With the situation in Syria likely to worsen in the weeks ahead, was the breach a power play from a regime determined to reinforce the point that only it can ensure stability? Or was this a means of diverting attention from Syria's own crackdown and bolstering Assad's credentials as a resistance regime against Israel? In fact, it was likely both. The move may have backfired, however, leading Israel's military to conclude that Assad and his regime cannot be relied upon to deliver calm along their sensitive border. With May 15's events, the assertion that only with Assad comes stability and after him there is chaos has already been turned on its head. This is the moment for the international community to send a clear signal that it will not tolerate being blackmailed by the Assad regime, especially when the region's stability and security are at stake.

Obama's speech on Thursday proved that American and Israeli leaders can put off talking about these issues, but not for long. The president's mention of the 1967 borders as a basis for talks with the Palestinians provoked a sharp response from Prime Minister Benjamin Netanyahu even before he got on the plane to Washington, where he is due to meet with Obama May 20 and speak to a joint session of Congress on May 24. Netanyahu rejected Israel's withdrawal to such "indefensible" borders. As Haaretz columnist Aluf Benn opined in his recent editorial, Netanyahu's aim is to bolster Israel's defenses against the third intifada -- not present major concessions.

By offering ideas on future security arrangements for a demilitarized Palestinian state as well as borders, Obama has finally laid out parameters on two of the four main issues (the others being Jerusalem and refugees) of the conflict. He also stressed the importance of a contiguous and viable Palestinian state that borders Egypt and Jordan, but rejected the idea that Palestinians could establish a state through a vote at the United Nations in September.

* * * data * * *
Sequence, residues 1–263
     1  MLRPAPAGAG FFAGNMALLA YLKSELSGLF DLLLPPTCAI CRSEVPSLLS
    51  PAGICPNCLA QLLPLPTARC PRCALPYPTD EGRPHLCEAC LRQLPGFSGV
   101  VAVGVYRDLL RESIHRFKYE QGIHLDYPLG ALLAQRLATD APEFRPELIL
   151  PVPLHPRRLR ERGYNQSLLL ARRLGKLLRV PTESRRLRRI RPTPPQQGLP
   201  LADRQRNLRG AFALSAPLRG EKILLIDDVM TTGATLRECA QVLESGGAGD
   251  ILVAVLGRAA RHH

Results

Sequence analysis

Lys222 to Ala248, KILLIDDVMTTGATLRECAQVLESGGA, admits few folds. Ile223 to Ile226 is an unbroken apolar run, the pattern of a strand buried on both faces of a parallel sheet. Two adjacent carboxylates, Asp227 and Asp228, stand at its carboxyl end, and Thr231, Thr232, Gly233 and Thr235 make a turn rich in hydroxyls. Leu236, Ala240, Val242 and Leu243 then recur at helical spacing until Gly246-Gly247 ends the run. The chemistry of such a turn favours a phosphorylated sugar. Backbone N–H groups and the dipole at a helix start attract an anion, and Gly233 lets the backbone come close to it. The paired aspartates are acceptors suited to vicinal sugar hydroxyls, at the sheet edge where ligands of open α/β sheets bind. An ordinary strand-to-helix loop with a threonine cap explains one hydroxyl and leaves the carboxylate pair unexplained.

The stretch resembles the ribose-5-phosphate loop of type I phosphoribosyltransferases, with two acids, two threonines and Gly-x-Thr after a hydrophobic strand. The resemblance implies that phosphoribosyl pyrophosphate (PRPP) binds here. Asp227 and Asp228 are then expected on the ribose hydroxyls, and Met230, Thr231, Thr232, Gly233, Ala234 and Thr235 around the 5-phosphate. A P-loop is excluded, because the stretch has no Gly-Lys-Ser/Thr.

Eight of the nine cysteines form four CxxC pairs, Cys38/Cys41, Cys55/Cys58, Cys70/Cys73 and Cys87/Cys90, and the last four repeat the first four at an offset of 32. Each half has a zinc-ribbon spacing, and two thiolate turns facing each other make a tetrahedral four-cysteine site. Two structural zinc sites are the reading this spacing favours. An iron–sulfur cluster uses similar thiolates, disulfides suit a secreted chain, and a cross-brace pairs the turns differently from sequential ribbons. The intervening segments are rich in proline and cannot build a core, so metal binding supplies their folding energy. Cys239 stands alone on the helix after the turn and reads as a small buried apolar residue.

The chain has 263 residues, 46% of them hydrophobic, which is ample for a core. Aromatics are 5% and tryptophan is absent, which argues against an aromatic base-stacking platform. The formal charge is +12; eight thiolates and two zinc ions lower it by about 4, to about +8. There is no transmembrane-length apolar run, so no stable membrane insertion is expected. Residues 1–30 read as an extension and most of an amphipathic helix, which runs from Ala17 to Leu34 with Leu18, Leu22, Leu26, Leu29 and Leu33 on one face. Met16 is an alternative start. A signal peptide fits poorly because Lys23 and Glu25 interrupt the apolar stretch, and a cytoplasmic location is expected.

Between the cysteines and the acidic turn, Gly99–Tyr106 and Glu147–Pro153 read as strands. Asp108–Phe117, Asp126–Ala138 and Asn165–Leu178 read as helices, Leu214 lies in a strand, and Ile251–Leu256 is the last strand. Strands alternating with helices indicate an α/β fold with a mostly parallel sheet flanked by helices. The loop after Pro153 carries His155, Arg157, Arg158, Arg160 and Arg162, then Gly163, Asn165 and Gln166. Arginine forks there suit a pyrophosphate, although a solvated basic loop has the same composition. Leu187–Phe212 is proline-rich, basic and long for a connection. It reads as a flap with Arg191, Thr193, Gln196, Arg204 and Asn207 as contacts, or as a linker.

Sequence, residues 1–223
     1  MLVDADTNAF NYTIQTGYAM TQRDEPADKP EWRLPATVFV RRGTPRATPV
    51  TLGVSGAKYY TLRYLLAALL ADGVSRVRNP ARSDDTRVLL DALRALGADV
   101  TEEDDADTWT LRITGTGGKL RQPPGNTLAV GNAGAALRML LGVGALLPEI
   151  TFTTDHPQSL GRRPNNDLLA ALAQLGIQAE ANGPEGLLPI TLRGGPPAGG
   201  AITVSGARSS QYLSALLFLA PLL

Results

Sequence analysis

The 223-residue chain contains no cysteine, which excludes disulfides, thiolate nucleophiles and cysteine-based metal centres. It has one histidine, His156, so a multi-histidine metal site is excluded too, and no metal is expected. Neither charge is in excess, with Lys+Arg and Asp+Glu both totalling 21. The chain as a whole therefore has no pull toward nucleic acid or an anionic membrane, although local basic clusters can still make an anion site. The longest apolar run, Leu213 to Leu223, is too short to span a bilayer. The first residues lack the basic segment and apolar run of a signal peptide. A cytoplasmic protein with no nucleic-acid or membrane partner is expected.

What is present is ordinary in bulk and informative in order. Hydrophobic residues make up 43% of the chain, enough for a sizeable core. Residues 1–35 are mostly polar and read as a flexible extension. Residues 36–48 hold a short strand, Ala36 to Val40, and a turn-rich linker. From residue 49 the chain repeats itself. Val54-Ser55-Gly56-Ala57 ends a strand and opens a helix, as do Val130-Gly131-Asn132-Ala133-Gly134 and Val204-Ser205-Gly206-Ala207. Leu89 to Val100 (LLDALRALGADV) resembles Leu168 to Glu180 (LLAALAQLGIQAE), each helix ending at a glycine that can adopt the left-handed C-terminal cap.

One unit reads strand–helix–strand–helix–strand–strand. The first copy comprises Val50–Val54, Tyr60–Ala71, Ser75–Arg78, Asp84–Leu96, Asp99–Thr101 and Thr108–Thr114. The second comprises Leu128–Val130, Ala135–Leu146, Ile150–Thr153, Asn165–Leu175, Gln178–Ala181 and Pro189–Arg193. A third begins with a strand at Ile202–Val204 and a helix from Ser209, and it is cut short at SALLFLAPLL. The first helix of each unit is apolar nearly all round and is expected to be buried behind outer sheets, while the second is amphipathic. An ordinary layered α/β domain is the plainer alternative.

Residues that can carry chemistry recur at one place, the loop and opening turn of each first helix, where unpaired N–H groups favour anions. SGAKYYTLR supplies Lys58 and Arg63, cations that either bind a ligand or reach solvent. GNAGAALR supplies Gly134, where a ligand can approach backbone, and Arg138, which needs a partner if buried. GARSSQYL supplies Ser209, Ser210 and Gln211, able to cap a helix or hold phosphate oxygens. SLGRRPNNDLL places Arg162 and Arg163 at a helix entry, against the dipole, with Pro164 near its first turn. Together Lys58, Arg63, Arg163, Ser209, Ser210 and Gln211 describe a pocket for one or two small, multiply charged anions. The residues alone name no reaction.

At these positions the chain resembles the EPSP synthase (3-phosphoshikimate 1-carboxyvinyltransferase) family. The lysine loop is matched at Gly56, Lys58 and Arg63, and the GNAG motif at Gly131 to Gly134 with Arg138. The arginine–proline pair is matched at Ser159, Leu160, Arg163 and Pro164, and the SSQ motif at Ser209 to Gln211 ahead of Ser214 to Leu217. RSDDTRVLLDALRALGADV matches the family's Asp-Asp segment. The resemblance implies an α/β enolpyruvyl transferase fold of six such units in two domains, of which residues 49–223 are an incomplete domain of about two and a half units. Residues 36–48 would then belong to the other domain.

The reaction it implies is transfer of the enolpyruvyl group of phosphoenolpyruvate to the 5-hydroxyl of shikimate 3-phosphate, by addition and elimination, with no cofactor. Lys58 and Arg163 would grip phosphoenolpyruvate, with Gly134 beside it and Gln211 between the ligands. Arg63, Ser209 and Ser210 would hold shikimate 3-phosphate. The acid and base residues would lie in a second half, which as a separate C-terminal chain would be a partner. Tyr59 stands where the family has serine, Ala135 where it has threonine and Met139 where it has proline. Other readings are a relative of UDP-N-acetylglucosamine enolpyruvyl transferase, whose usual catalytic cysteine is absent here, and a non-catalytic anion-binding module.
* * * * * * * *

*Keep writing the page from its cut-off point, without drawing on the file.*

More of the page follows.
The problem is that these ideas have come two years too late. The parties aren't speaking to one another, and their last attempt to do so only showed how far apart they are. There are also serious doubts as to whether the U.S. president has the political will and political strategy to push both Israelis and Palestinians as he campaigns for reelection. At best, Obama has pressed another reset button in order to start talks. He has not explained a clear way forward other than a vague call for the United States, the Middle East quartet, and Arab states "to continue every effort to get beyond the current impasse." Meanwhile, Palestinian leaders, particularly President Mahmoud Abbas, feel freed by the Palestinian unity deal and will likely pursue their efforts for recognition of a Palestinian state at the United Nations if serious negotiations do not start soon -- despite Obama's explicit rejection of this move.

This year's changes in the Middle East and North Africa have had a profound impact on the prospects for peace in the region. The people of the Arab world are no longer willing to play by the old rules, in which peacemaking is determined by Israel's security concerns and the United States' electoral calendar. There is a growing impatience to ensure justice for the Palestinians and a state of their own. Serious moves are required, therefore, to establish two states, Israel and Palestine, this year. The situation requires a new international effort similar to the Madrid conference that followed the first Gulf War in 1991. Back then, it was U.S. leadership that brought new impetus to achieve peace between Arabs and Israelis. This time, clear parameters on borders and security arrangements, as presented by Obama on Thursday, as well as the other core issues, could provide the basis and impetus for a final-status deal.